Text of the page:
Evidence for a role of NTS2 receptors in the modulation of tonic pain sensitivity
1 Department of Physiology and Biophysics, Faculty of Medicine and Health Sciences, Université de Sherbrooke, Sherbrooke, Quebec, Canada
2 Department of Psychiatry and Psychology, Mayo Clinic College of Medicine, Jacksonville, FL 32224, USA
3 CNRS UMR 5247, IBMM, Universités Montpellier 1 & 2, 34095 Montpellier, France
Molecular Pain 2009, 5:38 doi:10.1186/1744-8069-5-38Published: 6 July 2009
Central neurotensin (NT) administration results in a naloxone-insensitive antinociceptive response in animal models of acute and persistent pain. Both NTS1 and NTS2 receptors were shown to be required for different aspects of NT-induced analgesia. We recently demonstrated that NTS2 receptors were extensively associated with ascending nociceptive pathways, both at the level of the dorsal root ganglia and of the spinal dorsal horn. Then, we found that spinally administered NTS2-selective agonists induced dose-dependent antinociceptive responses in the acute tail-flick test. In the present study, we therefore investigated whether activation of spinal NTS2 receptors suppressed the persistent inflammatory pain symptoms observed after intraplantar injection of formalin.
We first demonstrated that spinally administered NT and NT69L agonists, which bind to both NTS1 and NTS2 receptors, significantly reduced pain-evoked responses during the inflammatory phase of the formalin test. Accordingly, pretreatment with the NTS2-selective analogs JMV-431 and levocabastine was effective in inhibiting the aversive behaviors induced by formalin. With resolution at the single-cell level, we also found that activation of spinal NTS2 receptors reduced formalin-induced c-fos expression in dorsal horn neurons. However, our results also suggest that NTS2-selective agonists and NTS1/NTS2 mixed compounds differently modulated the early (21–39 min) and late (40–60 min) tonic phase 2 and recruited endogenous pain inhibitory mechanisms integrated at different levels of the central nervous system. Indeed, while non-selective drugs suppressed pain-related behaviors activity in both part of phase 2, intrathecal injection of NTS2-selective agonists was only efficient in reducing pain during the late phase 2. Furthermore, assessment of the stereotypic pain behaviors of lifting, shaking, licking and biting to formalin also revealed that unlike non-discriminative NTS1/NTS2 analogs reversing all nociceptive endpoint behaviors, pure NTS2 agonists specifically inhibited paw lifting, supporting a role of NTS2 in spinal modulation of persistent nociception.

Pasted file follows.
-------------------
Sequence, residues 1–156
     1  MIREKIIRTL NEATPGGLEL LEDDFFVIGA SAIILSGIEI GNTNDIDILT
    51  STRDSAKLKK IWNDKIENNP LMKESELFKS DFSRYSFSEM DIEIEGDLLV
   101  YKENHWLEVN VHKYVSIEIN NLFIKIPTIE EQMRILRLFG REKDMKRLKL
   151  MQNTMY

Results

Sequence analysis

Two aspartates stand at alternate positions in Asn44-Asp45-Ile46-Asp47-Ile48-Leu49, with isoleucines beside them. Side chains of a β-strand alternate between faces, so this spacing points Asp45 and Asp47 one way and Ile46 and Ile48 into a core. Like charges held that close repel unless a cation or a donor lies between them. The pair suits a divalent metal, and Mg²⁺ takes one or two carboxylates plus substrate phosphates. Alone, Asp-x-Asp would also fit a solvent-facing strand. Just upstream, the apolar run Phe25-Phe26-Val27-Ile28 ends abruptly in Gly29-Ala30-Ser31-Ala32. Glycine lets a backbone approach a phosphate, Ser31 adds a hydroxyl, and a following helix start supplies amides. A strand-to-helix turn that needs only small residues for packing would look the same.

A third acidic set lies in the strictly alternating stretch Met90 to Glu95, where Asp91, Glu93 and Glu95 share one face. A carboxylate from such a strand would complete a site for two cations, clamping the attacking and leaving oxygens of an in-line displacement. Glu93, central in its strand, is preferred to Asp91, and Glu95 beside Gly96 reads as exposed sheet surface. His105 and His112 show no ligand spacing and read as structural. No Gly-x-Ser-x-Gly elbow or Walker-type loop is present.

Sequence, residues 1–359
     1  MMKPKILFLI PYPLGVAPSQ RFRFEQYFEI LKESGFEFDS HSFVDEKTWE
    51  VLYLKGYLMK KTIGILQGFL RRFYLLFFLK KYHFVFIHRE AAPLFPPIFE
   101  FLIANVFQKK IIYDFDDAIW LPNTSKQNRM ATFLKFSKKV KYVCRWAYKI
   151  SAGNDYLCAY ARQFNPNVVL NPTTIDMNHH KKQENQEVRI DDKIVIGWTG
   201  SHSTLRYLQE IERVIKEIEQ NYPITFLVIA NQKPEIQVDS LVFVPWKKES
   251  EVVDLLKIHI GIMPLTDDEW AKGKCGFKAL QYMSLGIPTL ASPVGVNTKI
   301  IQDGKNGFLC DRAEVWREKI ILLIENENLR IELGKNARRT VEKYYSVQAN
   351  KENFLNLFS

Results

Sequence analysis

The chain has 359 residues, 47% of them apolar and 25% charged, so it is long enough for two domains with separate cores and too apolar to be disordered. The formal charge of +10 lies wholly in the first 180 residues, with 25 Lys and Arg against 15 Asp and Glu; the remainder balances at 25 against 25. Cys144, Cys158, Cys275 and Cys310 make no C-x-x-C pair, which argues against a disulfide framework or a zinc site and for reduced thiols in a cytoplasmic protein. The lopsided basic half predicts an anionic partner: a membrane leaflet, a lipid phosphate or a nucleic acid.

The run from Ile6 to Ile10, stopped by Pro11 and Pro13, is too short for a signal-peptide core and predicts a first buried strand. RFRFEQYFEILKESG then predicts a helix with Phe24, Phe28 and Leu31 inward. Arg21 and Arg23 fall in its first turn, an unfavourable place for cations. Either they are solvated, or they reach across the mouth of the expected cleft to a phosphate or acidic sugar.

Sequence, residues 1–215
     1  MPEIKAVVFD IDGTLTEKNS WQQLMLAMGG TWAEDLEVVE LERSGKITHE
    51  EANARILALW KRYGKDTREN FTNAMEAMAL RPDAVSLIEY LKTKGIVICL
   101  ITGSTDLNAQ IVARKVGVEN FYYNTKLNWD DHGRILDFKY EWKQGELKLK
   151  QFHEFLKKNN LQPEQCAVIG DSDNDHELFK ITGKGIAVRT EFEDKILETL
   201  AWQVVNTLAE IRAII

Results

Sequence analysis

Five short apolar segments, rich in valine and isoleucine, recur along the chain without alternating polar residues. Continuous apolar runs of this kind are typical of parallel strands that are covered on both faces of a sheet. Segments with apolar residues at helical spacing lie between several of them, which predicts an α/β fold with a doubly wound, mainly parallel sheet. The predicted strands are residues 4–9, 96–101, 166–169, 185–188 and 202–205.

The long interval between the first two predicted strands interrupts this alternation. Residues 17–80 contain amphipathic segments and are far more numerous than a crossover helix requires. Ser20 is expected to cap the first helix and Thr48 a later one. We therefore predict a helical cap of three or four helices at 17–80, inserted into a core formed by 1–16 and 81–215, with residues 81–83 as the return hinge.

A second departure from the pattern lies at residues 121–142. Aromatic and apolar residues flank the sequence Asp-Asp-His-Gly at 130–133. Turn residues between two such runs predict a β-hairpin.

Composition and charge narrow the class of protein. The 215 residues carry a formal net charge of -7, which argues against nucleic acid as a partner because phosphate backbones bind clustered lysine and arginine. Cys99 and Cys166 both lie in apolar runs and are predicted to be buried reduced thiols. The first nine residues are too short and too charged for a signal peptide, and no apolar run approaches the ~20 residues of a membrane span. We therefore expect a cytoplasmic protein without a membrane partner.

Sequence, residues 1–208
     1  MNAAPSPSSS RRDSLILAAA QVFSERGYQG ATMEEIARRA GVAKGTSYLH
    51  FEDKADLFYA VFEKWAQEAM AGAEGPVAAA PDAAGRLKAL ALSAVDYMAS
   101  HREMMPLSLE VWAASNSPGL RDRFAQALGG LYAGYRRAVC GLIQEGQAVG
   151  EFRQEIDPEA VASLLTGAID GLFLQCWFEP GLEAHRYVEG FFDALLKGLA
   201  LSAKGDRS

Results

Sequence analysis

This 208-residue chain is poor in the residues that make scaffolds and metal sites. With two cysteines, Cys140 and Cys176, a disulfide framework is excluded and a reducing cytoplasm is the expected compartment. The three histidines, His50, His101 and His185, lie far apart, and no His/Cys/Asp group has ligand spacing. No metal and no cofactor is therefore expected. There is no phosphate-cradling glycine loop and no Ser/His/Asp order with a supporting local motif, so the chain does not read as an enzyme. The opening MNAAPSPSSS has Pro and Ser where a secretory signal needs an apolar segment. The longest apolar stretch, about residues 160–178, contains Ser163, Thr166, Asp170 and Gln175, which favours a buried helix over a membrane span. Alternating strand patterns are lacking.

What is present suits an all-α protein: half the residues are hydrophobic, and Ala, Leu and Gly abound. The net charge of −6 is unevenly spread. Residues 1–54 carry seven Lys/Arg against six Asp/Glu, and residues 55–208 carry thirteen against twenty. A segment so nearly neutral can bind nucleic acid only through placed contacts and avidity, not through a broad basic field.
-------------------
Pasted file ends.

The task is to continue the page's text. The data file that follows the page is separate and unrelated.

The present study provides the first demonstration that activation of NTS2 receptors produces analgesia in the persistent inflammatory pain model of formalin. The dichotomy between these two classes of compounds also indicates that both NTS1 and NTS2 receptors are involved in tonic pain inhibition and implies that these two NT receptors modulate the pain-induced behavioral responses by acting on distinct spinal and/or supraspinal neural circuits. In conclusion, development of NT agonists targeting both NTS1 and NTS2 receptors could be useful for chronic pain management.